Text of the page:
James Mortimer 16.Apr.2013Getty Images
In the Wallabies halcyon days of rugby rule, where the turn of the century had a distinct gold hue about it, Australia celebrated a record Bledisloe Cup reign while winning their second World Cup, adding the Tri-Nations and a Lions scalp to that list not long after.
There were certainly elements of premier class about the Wallabies in those days, as it is now.
Individuals capable of brilliance were present, but one thing was for certain, few Wallaby packs, even when on the winning side, terrorised their opposites into the turf with disdain.
It was because they were thinkers, and while the addition of class out wide might have finished things off, there was a deliberate plan and style that belied any other factors – most of all physical.
The Brumbies, Reds and Force did not boast monster packs as compared to their Kiwi counterparts, as it has been throughout many All Blacks v Wallabies contests throughout time.
The Aussie men up front lay the first planks of a series of carefully laid plans which showed, perhaps for the first time in over a decade (corresponding with the matching of a 12-year record of success for Australian teams in trans-Tasman Super Rugby action), a ruthless intelligence and implementation of strategy designed to overcome the opposition.
History, as always a rudimentary pointer, shows that this is far from a doomsday event for New Zealand Rugby teams.
While they may like to play traditionally a touch looser, such a freestyle form of game play often leads to the natural ball playing brilliance almost inherent in the small country’s DNA – and more often than not even a team of thinkers and master strategists can’t compete with the level of rugby that the All Blacks and other Kiwi sides touch when things fall into place.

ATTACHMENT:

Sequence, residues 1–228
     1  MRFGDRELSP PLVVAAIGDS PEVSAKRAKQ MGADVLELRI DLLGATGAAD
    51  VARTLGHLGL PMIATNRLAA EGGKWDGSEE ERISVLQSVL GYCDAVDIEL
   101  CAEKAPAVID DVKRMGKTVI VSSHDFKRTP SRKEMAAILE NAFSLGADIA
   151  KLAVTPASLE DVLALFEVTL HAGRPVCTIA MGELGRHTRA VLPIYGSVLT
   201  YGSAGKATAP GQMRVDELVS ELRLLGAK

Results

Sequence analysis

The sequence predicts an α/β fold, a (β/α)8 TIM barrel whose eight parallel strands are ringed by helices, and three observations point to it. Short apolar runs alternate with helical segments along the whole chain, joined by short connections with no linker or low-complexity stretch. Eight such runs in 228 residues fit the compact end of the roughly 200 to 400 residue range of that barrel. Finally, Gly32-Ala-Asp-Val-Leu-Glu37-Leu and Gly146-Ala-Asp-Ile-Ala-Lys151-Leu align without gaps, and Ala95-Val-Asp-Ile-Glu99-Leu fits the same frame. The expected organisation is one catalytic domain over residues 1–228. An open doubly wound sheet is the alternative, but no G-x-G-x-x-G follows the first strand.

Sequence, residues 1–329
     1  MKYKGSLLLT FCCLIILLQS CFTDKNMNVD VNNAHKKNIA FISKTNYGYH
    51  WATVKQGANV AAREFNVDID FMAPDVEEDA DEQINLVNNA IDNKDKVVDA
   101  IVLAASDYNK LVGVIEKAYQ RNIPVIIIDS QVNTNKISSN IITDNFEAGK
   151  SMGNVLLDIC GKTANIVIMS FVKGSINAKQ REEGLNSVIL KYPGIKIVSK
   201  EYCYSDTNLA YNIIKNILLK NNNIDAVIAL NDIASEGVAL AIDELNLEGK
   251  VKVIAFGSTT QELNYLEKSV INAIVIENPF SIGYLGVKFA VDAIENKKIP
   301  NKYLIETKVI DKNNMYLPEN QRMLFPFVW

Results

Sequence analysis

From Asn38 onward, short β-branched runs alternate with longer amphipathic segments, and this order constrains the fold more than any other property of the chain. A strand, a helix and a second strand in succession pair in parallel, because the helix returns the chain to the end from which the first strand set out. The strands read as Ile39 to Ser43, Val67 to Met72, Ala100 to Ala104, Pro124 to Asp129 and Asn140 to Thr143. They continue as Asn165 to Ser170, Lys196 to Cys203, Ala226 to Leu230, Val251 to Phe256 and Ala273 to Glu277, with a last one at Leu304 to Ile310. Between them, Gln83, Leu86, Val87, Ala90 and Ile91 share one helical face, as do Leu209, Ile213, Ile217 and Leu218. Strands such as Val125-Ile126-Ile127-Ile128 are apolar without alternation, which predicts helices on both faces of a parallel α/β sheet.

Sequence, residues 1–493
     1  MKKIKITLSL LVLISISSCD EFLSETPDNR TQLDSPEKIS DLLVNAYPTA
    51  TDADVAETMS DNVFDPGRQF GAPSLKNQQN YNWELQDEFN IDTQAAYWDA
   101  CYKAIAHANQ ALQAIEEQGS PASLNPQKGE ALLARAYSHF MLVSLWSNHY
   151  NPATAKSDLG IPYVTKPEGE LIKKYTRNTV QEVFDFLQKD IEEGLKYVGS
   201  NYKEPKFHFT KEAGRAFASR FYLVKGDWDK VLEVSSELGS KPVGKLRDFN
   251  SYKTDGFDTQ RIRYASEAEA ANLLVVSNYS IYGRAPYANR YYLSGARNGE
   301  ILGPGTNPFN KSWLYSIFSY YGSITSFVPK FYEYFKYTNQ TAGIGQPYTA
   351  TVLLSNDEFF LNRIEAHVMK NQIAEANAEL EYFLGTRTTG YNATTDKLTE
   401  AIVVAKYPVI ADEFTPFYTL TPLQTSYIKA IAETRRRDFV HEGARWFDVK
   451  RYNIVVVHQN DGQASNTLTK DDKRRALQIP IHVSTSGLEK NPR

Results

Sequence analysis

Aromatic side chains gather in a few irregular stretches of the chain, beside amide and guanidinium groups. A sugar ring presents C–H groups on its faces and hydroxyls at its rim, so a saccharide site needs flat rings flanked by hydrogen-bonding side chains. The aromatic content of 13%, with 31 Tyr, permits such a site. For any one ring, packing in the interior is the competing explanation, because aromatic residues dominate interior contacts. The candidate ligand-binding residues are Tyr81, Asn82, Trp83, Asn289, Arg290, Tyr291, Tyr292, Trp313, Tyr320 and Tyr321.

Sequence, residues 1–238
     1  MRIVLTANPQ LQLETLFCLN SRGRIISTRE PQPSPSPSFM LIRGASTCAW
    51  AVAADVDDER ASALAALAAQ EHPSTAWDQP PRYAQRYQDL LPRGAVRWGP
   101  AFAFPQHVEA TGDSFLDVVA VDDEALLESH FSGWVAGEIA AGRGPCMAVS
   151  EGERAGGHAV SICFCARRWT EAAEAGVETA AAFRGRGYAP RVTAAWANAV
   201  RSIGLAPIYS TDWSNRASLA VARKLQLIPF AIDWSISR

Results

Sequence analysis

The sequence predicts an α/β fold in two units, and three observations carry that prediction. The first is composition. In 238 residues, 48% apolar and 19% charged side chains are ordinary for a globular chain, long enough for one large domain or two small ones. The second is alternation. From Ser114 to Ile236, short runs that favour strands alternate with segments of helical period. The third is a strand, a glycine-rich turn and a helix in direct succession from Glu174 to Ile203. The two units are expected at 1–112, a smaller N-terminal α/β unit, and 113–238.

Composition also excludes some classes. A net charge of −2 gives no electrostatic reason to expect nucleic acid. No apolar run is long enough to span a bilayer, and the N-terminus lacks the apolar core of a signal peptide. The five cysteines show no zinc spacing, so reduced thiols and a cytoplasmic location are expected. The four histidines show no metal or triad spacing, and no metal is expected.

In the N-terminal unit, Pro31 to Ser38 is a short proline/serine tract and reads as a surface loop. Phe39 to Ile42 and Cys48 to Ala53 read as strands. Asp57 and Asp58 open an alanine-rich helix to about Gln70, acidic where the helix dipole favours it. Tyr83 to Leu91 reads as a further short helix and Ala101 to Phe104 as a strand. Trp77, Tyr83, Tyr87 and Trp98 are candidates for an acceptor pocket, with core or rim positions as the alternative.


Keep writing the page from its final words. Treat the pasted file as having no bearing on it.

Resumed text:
But Perth proved that even when a New Zealand side throws the kitchen sink at their rivals on attack, a well-structured and committed defence can shut down even the most positive intentions.
Obvious as well was the ‘die for your brother’ attitude when the Australian sides didn’t have the ball, with of late accusations of less than ideal physical intent being put aside emphatically where the attitude made some players look more immense than they were.
They were not more powerful Australian teams by deeds of strength over the weekend, but had specific areas of intent which gave the sides that ominous feeling that can creep into a game where it seems – irrespective of point’s margin – they cannot lose.
It is early days still in Super Rugby, and the 12-year record that was matched in terms of results over the weekend was always one day going to be met.
But it will be the clinical and smart approach that the Australian sides brought to the park that would have grabbed the intention of more than one or two people, and All Blacks coach Steve Hansen, still arguably with the greater talent pool, will have a tough season not only with the management of a veteran squad, but of a unforgiving tactical rugby landscape that has caught out the world’s number one team before.
Last year Hansen and his team were unchallenged by results and seemed, bar the 14th Test in London, to be ahead of their enemies at all times.
Keeping this edge will be paramount for Hansen and his class of 2013.